Dreams do come true in La Jolla

My husband and I spent the past few days in sunny San Diego.  Sans kids.  A small miracle, if you ask me.  (BIG thanks to grandmas and grandpas who were willing to care for our kiddos while we spent some time out of town.)

The main purpose for the trip was the yearly National Art Education Association convention (held this year in San Diego) that my husband attended.  With him in conferences all day, that gave me some much-needed solo free time.  Believe me, as a mom, I rarely enjoy solo time, wherein I have the freedom to do whatever I please, so this opportunity that came with the trip was most certainly welcomed and appreciated.

On a particularly fine morning, I ventured from San Diego to La Jolla, a gorgeous area of southern California to which I would gladly return.  My mission in La Jolla: visit the world-renowned Salk Institute, designed by famous architect Louis Kahn.  The Salk Institute has been on my bucket list of “buildings to visit before I die” ever since I learned about this iconic building in architecture school.  I signed up for the guided architectural tour (I highly recommend it), and I was so happy I did.  I learned so much about the Salk Institute’s architecture that I never would have, and I gained a wonderful understanding and an even greater appreciation for the building.  With all of the anticipation that I carried with me before actually experiencing the building, let me tell you, that this place did not disappoint.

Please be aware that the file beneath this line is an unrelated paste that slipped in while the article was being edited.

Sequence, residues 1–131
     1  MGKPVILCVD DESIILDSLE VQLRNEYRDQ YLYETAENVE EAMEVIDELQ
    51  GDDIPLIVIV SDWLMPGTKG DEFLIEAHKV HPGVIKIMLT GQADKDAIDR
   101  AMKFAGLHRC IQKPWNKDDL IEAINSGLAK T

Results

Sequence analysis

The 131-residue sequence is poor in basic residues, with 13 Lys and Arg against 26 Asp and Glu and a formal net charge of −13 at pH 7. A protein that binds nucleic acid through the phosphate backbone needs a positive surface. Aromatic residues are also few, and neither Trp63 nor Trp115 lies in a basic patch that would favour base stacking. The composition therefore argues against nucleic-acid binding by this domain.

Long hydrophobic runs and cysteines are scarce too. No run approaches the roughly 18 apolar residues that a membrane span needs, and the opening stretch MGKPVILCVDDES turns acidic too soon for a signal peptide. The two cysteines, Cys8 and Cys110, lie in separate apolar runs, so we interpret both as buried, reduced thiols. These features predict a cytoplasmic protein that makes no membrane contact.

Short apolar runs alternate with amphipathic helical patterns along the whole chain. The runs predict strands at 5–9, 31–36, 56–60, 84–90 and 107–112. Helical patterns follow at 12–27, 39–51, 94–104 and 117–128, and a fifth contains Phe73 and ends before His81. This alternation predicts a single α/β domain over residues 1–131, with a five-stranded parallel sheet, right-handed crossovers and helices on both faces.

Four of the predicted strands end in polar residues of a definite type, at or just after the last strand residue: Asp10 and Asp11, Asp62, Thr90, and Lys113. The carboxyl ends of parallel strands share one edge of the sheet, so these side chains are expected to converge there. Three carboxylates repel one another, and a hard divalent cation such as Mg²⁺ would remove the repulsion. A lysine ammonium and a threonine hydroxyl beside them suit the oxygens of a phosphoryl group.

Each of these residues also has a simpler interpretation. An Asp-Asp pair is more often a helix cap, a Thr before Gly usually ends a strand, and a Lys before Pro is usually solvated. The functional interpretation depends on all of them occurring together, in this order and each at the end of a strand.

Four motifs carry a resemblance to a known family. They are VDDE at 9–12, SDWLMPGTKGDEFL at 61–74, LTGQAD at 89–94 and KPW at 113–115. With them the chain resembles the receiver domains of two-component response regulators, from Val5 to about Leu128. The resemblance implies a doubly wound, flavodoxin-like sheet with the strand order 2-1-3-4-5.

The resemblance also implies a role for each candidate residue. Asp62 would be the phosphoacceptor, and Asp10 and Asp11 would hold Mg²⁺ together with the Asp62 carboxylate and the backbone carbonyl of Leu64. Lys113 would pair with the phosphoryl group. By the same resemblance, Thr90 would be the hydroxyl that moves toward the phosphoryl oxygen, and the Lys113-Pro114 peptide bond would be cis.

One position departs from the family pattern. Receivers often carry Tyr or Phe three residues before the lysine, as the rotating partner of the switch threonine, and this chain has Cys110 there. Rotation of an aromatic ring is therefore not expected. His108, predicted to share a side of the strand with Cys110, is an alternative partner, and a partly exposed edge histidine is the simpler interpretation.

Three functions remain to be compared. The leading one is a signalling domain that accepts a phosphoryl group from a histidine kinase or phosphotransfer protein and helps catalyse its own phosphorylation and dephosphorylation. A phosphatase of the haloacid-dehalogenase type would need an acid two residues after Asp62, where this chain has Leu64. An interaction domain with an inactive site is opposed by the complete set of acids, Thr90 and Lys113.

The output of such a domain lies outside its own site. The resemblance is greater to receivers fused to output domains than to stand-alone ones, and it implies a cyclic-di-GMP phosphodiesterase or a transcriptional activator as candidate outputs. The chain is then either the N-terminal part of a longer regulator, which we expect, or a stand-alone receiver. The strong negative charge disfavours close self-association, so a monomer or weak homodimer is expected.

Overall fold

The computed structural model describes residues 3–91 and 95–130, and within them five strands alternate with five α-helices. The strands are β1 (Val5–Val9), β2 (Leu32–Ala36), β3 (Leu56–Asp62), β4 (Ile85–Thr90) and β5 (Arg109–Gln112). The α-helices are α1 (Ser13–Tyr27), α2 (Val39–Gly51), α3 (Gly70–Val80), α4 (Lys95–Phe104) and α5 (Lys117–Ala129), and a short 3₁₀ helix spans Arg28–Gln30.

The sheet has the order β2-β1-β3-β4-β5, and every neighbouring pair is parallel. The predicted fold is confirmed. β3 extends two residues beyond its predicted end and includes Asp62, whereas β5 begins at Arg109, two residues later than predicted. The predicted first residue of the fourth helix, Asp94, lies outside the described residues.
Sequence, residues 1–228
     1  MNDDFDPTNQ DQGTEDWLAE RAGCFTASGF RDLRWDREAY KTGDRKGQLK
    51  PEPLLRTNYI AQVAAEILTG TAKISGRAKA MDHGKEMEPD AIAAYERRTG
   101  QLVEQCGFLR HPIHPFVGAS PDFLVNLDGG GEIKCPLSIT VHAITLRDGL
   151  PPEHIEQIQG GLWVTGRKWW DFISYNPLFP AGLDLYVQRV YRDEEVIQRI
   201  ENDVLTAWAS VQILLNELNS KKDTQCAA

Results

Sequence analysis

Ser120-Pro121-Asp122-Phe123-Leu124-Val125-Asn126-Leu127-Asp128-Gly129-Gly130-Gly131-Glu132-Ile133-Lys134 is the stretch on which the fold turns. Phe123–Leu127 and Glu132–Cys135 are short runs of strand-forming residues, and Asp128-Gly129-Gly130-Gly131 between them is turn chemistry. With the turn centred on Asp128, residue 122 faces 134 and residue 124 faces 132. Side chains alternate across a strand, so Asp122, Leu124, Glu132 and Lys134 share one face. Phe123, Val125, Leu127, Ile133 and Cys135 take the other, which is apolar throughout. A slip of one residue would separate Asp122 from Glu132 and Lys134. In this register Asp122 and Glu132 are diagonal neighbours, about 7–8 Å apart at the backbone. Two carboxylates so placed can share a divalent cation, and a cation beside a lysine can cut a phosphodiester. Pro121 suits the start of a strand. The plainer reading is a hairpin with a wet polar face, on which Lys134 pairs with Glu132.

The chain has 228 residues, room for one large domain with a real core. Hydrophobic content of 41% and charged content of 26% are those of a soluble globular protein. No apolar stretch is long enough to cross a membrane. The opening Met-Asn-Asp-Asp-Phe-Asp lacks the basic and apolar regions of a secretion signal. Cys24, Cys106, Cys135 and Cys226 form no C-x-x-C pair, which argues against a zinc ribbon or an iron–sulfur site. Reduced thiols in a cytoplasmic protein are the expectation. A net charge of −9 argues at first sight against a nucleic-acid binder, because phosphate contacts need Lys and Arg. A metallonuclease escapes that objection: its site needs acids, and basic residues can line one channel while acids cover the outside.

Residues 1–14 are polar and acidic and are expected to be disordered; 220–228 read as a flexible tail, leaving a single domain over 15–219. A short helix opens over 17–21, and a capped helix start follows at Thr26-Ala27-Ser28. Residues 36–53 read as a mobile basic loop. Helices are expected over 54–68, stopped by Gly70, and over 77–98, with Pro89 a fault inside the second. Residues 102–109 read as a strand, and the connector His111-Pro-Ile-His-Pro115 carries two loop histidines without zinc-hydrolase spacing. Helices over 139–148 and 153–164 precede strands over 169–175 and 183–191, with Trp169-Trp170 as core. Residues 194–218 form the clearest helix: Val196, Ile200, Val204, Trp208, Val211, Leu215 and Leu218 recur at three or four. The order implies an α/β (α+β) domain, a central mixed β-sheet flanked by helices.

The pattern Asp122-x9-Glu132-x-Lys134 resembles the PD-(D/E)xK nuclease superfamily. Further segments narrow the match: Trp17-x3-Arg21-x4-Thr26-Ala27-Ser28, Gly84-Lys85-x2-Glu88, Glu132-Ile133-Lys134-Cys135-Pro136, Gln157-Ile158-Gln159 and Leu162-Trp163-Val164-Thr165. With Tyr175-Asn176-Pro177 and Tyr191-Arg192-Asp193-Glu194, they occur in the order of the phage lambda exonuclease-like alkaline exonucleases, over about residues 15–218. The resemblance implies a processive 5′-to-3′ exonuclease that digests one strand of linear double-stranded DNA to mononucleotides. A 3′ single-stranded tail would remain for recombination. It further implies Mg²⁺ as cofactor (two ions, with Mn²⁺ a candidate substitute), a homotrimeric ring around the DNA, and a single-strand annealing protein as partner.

For some experiences, there are no words.  The fewer words I use to describe my experience at the Salk Institute, the better.  So I leave you with some photographs.  Enjoy!

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Why I Love Shigeru Ban

A few days ago, Japanese architect Shigeru Ban won the Pritzker Prize, a prestigious award given yearly to an accomplished architect with a large portfolio of significant projects.  Being an architect myself, I’m always interested to hear who wins the yearly Pritzker Prize.  When I heard that Shigeru Ban won this year, I was rather excited.  I’ve always admired Ban’s work, especially his humanitarian efforts and his usage of discarded materials (paper tubes, etc.) in his designs.

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I have a soft spot in my heart for Ban, though, because years ago, when I was a lowly student in the architecture program at the University of Utah, I had the privilege of hearing him speak at the AIA Convention taking place in Salt Lake City that year.  My classmates and I, crammed into the standing-room-only convention space in the downtown Hilton Hotel, hung onto every word that Ban spoke.  Here was a master in our midst, providing us a rare opportunity to listen to humble architectural/humanitarian opinion.  I was already a huge fan of Ban’s work, but I have to say, I was most impressed with Ban’s down-to-earth nature and his complete lack of ego (which is usually the trademark of most high-profile architects).  Ban inspired me with his work and his ways.

Congratulations to Shigeru Ban, for earning a well-deserved Pritzker Prize.